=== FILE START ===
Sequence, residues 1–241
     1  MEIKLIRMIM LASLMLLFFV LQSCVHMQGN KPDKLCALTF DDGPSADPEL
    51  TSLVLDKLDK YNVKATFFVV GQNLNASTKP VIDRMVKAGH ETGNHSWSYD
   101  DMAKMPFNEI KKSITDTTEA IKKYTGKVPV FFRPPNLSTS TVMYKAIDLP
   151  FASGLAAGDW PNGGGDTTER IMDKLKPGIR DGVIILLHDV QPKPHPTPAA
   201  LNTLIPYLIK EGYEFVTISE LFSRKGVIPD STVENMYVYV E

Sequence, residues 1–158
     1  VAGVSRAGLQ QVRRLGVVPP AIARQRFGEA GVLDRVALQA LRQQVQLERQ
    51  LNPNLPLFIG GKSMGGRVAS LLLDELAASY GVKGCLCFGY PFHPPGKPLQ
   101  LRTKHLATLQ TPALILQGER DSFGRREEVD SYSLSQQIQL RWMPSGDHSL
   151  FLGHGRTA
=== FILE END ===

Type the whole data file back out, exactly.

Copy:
Sequence, residues 1–241
     1  MEIKLIRMIM LASLMLLFFV LQSCVHMQGN KPDKLCALTF DDGPSADPEL
    51  TSLVLDKLDK YNVKATFFVV GQNLNASTKP VIDRMVKAGH ETGNHSWSYD
   101  DMAKMPFNEI KKSITDTTEA IKKYTGKVPV FFRPPNLSTS TVMYKAIDLP
   151  FASGLAAGDW PNGGGDTTER IMDKLKPGIR DGVIILLHDV QPKPHPTPAA
   201  LNTLIPYLIK EGYEFVTISE LFSRKGVIPD STVENMYVYV E

Sequence, residues 1–158
     1  VAGVSRAGLQ QVRRLGVVPP AIARQRFGEA GVLDRVALQA LRQQVQLERQ
    51  LNPNLPLFIG GKSMGGRVAS LLLDELAASY GVKGCLCFGY PFHPPGKPLQ
   101  LRTKHLATLQ TPALILQGER DSFGRREEVD SYSLSQQIQL RWMPSGDHSL
   151  FLGHGRTA